Roy Exum: Decency Versus Depravity
Larry Wheelon chairing an ethics committee shows you the standards in the Walking Horse industry. Wheelon pleading not guilty then is no big surprise. Roy Exum, once again, takes on this issue with tremendous form. ~ HfH
From: The Chattanoogan
By: Roy Exum
Steven B. Smith, a Republican political activist with strong ties to the scurrilous Big Lick crowd that has defamed the entire Tennessee Walking Horse industry, was named as president of its powerful breed registry over the weekend. Just two days later – on Monday – three Tennessee men pleaded not guilty to 18 scorching indictments that charged each with aggravated animal cruelty of Tennessee Walking Horses.
Larry Joe Wheelon, a Big Lick trainer based in Maryville with a lengthy record of federal violations, appeared with his two workers in Blount County Circuit Court Monday and all will face trial in the spring. Wheelon, who chairs the Ethics Committee of the Big Lick’s trainers association, and his stable workers were arrested after an April barn raid found 19 horses among 28 in a rented barn that several veterinarians identified as being brutally abused.
The horses were confiscated by the Humane Society of the United States and both federal and state law enforcement officials confirmed upon the promise on anonymity that some of the moaning animals could hardly walk. One horse actually bolted in pain while being examined, badly injuring a rescuer. A legal technicality dismissed the original charges against Wheelon and his crowd in August, but a Blount County grand jury reviewed the case and returned the scathing indictments on Dec. 3.
Thus the fight between decency and depravity in the state of Tennessee rages on with the defenseless horse caught in the middle and thousands of good and clean horsemen forced to bear the shame and ridicule. Smith, who has a record of violating the federal Horse Protection Act, is in fact the state finance chairman for Senator Lamar Alexander and has considerable sway with the state’s Republicans who hold office in both Congress and the Senate.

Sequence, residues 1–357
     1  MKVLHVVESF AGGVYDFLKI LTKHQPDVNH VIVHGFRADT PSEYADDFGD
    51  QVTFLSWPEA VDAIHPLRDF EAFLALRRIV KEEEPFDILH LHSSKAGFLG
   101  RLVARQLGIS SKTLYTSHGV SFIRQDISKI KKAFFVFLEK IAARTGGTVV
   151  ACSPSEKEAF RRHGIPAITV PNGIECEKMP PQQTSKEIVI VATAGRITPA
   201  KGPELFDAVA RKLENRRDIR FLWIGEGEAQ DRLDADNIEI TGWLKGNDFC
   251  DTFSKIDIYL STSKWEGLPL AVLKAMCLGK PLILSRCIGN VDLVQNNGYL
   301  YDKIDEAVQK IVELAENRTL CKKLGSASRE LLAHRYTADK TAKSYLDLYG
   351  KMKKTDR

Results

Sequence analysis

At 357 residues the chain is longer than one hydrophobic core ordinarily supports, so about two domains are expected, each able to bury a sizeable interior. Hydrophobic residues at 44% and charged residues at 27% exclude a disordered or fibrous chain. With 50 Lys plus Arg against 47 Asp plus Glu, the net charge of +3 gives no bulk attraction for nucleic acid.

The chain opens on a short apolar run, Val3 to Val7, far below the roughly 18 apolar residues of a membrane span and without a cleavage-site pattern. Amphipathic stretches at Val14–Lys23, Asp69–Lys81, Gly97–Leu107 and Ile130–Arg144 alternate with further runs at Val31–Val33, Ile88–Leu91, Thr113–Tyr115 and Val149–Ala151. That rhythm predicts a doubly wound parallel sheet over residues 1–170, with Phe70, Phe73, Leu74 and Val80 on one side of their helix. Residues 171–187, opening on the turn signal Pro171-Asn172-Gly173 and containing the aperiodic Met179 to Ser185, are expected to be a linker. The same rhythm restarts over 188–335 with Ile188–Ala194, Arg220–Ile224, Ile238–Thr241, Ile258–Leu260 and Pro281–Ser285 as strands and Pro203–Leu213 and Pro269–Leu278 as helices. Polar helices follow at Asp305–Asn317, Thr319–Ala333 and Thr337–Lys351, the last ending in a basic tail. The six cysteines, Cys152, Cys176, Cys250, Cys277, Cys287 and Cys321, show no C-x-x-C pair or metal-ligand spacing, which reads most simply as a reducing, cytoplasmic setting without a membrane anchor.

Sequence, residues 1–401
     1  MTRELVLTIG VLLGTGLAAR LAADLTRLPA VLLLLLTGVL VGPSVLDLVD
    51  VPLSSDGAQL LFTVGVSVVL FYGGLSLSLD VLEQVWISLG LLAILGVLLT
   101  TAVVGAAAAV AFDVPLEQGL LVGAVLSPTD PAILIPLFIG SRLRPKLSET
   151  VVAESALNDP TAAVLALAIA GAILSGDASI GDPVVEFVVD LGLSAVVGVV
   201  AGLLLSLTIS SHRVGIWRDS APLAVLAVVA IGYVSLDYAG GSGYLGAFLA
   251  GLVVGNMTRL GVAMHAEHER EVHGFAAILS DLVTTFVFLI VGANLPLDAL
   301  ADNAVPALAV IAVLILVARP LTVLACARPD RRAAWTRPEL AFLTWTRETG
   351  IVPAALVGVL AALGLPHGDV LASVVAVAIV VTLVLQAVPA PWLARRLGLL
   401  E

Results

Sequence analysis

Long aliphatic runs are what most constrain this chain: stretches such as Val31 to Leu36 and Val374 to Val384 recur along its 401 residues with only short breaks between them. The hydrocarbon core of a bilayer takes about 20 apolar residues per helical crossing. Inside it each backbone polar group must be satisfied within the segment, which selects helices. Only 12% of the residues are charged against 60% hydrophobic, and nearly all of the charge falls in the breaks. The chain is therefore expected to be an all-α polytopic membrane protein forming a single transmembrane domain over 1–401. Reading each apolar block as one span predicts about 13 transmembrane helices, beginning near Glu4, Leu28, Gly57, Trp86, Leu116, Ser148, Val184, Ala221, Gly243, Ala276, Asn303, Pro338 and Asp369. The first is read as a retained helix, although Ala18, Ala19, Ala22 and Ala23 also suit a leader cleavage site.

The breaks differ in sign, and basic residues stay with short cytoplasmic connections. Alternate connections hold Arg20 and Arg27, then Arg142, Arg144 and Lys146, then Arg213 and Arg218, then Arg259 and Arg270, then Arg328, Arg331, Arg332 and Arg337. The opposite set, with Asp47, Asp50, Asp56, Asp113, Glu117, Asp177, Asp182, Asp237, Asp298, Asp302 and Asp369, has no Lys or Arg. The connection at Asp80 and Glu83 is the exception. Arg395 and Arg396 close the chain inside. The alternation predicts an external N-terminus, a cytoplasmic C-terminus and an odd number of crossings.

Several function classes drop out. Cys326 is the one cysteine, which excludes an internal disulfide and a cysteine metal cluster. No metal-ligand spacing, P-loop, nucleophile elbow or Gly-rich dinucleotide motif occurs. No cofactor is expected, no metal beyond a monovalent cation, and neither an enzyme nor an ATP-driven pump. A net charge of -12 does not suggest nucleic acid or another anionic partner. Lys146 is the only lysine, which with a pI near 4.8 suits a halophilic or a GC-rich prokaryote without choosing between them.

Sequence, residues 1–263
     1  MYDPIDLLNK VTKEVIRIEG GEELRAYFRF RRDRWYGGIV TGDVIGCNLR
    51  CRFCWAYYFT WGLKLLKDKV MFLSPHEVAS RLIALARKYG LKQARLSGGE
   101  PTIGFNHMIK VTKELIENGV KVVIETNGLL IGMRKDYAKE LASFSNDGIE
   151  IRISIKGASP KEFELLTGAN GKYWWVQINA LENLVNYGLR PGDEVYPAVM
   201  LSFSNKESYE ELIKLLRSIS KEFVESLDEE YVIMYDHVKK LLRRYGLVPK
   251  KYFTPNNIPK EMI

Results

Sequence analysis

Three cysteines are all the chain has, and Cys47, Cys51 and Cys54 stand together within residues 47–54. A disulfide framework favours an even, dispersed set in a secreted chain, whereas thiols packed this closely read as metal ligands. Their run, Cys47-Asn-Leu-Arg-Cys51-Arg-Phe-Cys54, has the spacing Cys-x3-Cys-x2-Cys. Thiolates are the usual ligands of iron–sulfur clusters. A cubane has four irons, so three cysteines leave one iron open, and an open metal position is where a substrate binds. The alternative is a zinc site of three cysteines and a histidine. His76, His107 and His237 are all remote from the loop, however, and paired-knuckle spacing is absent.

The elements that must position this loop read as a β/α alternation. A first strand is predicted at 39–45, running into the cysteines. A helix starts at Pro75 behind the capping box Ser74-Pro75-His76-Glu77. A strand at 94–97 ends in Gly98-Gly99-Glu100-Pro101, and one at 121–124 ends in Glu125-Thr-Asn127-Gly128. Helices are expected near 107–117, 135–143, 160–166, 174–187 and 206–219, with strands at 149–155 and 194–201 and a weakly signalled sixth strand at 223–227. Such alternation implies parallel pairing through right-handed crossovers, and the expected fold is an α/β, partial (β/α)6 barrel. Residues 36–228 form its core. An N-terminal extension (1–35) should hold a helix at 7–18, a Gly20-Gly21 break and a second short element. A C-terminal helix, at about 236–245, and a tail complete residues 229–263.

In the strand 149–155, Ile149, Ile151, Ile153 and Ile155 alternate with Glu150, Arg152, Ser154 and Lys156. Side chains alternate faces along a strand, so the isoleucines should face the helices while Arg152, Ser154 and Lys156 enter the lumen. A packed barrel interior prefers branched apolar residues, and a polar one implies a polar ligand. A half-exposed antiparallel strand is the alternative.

There are currently bills in both chambers to strengthen the Horse Protection Act but, to date, neither of Tennessee’s senators or seven-of-nine representatives in Congress have endorsed the bills, causing horse owners who loathe the Big Lick to believe Smith will now use his influence to quite literally put a hold on any pending legislation indefinitely.
The Big Lickers gave a reception in August for Rep. Marsha Blackburn (R-Brentwood), raising $70,000, and she has notoriously waged war against the legislation ever since. Last year they had the same type of reception for Rep. Scott DesJarlais (R-Jasper) and he is known to have confronted the Secretary of Agriculture, Tom Vilsack, on behalf of the Lickers.
The Breeders and Exhibitors Association’s Executive Committee came out in support of HR1518/S1406, now called the PAST Act, earlier this year but immediately after the Big Lick wrestled away decisive control of the TWHBEA last weekend, the new officers voted to “overwhelmingly oppose” the PAST Act. It is said that at least five of the 12 new members of the Executive Committee either have, or are associated with, Horse Protection Act violations. As a result, a number of sound Walking Horse owners have already resigned from the Registry this week. (Sound horses are not sored and are flat shod)
The PAST Act, sponsored by Kentucky Congressman Ed Whitfield and Tennessee Democrat Steve Cohen of Memphis, already has enough cosponsors to pass in Congress but insiders believe Smith will get two Senators to anonymously “tag team” a hold on the Senate bill. Such a crafty hold could last indefinitely and play right into the hands of the Big Lickers, who want their abuse of horses to remain a federal misdemeanor with no more punishment than a form letter now being sent from the Department of Agriculture to violators.
Conversely, horse abuse, or soring, became a serious felony in Tennessee last year under a new state law and sound horse advocates are eager to see the law brought into play if Wheelon, along with stable workers Randall Gunter and Brandon Lunsford are found guilty. Each has been charged with 13 felony counts and five misdemeanor counts. A Class E felony in Tennessee calls for one-to-six years in a state prison while misdemeanors are limited to 11 months, 29 days.
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